D. of intense exploitation of small, “informal” gold placer mines in the Guayana Shield region of eastern Venezuela (figs. 1A, B) have resulted in deforestation, erosion, and release of the toxic metal mercury over a broad region. Severe mercury toxicity has been a recognized human health issue in Venezuela and greater Amazonia for some time but has now reached critical levels. Mercury in the environment is toxic to people both when it is inhaled as metal vapor and when it is ingested as methylated mercury, which commonly accumulates in fish. It is estimated that global atmospheric mercury levels have tripled in the past century, owing exclusively to human activities. Some of this atmospheric mercury eventually settles out over land and becomes incorporated into plants, animals, and soils. Placer gold is concentrated in ancient, highly weathered sedimentary rocks and in
modern placers derived from these rocks. Mercury was used to extract gold from ore by the earliest European settlers, and the technique was adopted by local mine workers. The mercury amalgamation process unfortunately is still widely used in Venezuela because there is no effective, low-cost alternative (fig.2). The process involves relatively simple, inexpensive methods (such as the use of hand-hewn wooden riffles and traps), so it is accessible to even the smallest mining operations. The mercury amalgamation technique is nearly identical to the techniques used by miners in California during the mid-1800's and in the early Alaska gold-rush period some 40 years later. These small but numerous mining operations in Venezuela recover only a fraction of either the total gold or the added mercury. For example, tailings that were sampled downstream from a sluice-box operation in the Rio Caroni Basin showed that effective gold recovery is commonly less than half. In addition, the mass of mercury lost to the environment is estimated to be about 1.0 to 1.5 times the mass of gold recovered. Of this mercury, about 40 percent is associated with the tailings. The rest is lost to the atmosphere when the amalgam is roasted during the gold recovery process. Although the amalgam is squeezed by hand to remove excess mercury, much still remains in the tailings. The tailings themselves are released into rivers during mining, excavations, and natural weathering. The widespread use of mercury in the informal exploitation of surficial deposits was prohibited by presidential decree in Venezuela in July 1991. However, centuries of use combined with the recent upsurge in gold mining activity have left an estimated 40 tons of mercury behind in the forests and rivers. To assess both the extent and the severity of the mercury contamination problem in the Guayana Shield, it is necessary to understand the biogeochemical cycling of mercury in this complex tropical ecosystem. Unfortunately, little is known about either the transport and release of mercury or the processes that control its form, sorption, and deposition. Because the high temperatures and humidity in the tropics accelerate many chemical and biological reaction rates, mercury moves rapidly through terrestrial ecosystems and accumulates readily in aquatic ecosystems. Cooperative studies of these issues by the U.S. Geological Survey (USGS), the U.S. Forest Service (USFS), and the Venezuelan Government go back several years. Specifically, the Corporacion Venezolana de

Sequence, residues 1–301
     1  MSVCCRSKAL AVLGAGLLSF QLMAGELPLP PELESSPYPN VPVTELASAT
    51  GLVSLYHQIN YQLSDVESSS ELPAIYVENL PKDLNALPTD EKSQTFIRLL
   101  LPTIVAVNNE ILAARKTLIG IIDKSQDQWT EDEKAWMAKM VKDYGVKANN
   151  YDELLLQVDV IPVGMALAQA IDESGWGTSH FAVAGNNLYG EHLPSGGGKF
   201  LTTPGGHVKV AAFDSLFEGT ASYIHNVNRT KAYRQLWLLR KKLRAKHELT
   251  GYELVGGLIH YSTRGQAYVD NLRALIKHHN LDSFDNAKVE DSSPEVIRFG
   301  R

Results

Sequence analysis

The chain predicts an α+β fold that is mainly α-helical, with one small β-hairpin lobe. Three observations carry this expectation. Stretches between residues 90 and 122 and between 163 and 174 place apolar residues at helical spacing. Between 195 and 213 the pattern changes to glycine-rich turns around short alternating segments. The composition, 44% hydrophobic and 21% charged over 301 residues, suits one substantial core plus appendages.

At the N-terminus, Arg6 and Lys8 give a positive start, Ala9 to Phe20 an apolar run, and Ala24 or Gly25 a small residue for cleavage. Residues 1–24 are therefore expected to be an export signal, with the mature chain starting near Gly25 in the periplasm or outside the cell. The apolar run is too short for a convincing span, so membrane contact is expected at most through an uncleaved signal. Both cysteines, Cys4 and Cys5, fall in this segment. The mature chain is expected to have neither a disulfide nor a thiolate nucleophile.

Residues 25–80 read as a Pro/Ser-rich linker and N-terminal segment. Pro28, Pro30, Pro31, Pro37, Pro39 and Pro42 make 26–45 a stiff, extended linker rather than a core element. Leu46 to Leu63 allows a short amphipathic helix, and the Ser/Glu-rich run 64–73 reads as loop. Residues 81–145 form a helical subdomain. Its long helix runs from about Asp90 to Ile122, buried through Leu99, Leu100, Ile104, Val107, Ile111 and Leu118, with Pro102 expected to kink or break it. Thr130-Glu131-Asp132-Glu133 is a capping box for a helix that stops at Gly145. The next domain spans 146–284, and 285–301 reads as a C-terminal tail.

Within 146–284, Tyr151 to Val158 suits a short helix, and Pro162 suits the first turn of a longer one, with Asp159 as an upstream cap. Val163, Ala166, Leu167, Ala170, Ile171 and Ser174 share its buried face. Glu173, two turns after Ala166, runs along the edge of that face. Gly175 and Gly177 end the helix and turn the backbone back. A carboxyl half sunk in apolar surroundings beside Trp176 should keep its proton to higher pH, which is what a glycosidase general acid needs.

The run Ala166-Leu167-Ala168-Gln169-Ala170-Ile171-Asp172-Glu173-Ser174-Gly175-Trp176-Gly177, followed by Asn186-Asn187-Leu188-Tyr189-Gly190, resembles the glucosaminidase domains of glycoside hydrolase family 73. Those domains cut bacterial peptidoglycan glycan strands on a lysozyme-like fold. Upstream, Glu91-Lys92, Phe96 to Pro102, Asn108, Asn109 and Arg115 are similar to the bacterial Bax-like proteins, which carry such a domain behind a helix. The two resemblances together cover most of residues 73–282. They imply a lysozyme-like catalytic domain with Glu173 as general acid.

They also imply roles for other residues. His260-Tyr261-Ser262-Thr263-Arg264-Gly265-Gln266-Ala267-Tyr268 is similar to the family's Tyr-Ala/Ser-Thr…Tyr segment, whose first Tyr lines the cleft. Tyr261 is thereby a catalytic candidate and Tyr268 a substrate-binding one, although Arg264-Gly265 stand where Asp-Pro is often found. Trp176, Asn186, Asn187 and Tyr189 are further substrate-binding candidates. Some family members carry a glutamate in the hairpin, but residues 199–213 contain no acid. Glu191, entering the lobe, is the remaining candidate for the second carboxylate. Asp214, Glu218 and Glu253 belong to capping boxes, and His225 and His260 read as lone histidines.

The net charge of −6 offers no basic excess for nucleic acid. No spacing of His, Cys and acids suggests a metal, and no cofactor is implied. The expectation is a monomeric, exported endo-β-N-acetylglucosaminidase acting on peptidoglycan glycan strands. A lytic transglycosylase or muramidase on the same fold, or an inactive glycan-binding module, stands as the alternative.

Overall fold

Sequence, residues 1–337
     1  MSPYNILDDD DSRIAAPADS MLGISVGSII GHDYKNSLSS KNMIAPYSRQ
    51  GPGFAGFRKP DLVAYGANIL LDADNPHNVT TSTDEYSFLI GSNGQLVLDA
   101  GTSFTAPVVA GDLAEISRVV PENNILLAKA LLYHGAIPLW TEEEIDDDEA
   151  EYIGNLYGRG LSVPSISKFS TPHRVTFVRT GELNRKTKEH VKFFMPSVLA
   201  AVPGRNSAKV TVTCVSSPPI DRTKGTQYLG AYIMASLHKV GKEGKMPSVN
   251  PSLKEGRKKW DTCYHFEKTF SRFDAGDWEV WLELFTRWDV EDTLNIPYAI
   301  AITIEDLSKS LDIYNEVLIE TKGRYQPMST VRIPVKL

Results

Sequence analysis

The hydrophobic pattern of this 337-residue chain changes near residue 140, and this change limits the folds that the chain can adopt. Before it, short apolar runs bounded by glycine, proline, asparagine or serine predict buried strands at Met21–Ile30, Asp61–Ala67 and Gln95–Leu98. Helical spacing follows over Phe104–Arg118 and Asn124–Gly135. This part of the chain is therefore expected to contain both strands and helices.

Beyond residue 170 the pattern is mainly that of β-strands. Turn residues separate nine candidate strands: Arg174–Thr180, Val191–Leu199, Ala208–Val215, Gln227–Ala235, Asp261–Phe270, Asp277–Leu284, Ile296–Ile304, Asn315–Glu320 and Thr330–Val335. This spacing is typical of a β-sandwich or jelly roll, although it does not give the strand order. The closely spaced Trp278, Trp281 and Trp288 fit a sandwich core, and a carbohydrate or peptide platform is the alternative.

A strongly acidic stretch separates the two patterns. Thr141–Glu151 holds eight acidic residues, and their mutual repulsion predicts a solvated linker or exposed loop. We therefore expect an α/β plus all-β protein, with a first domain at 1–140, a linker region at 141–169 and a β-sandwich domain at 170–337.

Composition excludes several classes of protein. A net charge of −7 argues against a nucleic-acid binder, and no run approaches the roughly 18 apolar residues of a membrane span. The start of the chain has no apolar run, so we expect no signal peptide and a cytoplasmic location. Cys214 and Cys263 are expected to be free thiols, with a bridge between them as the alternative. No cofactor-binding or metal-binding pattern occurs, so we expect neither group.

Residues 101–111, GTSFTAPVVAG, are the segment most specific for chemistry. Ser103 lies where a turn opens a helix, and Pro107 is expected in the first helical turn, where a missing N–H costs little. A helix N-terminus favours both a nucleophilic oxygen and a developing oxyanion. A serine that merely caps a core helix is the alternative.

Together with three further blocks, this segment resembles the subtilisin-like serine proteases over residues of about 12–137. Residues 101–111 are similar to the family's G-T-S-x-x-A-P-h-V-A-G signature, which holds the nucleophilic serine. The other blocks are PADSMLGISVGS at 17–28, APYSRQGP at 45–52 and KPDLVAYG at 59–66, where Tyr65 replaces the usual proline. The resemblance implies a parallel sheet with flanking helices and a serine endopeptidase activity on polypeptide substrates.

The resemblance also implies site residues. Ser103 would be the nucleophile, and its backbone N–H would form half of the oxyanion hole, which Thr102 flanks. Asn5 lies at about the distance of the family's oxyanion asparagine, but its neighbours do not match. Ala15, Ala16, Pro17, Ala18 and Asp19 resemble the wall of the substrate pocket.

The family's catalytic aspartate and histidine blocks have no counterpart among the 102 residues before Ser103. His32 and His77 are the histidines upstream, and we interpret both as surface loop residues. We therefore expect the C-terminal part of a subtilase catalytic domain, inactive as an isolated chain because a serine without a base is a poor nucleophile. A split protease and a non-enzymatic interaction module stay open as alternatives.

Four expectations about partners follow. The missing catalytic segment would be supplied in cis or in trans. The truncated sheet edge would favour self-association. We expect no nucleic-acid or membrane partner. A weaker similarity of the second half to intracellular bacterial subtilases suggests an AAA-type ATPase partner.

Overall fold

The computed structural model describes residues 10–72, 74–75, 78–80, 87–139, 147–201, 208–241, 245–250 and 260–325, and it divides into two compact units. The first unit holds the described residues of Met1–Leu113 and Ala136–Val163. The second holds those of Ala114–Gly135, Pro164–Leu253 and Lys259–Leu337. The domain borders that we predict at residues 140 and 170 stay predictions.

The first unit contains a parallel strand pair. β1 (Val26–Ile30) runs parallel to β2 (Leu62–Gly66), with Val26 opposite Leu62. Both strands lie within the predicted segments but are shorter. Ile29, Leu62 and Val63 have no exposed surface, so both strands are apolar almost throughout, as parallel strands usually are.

Figure 1A. Location of the Guayana Shield of the Amazonian craton, South America.
(Map by G.B. Sidder and V. Mendoza.)
Guayana (CVG), under the bilateral Venezuelan Cooperative Project with the USGS, requested technical assistance in remediating some of the environmental damage caused by mining. In 1991, the USGS and the USFS presented a short course on environmental considerations and reclamation in mineral development for Tecnica Minera (TECMIN), the branch of CVG that deals with mining issues in eastern Venezuela. In 1992–93, the USGS completed the geology and mineral resource assessment of the Venezuelan Guayana Shield (published in 1994 as USGS Bulletin 2062). During that period, various geologists at the USGS Center for InterAmerican Mineral Resource Investigations in Tucson, Ariz., laid the groundwork for a joint study of the distribution of mercury in the environment.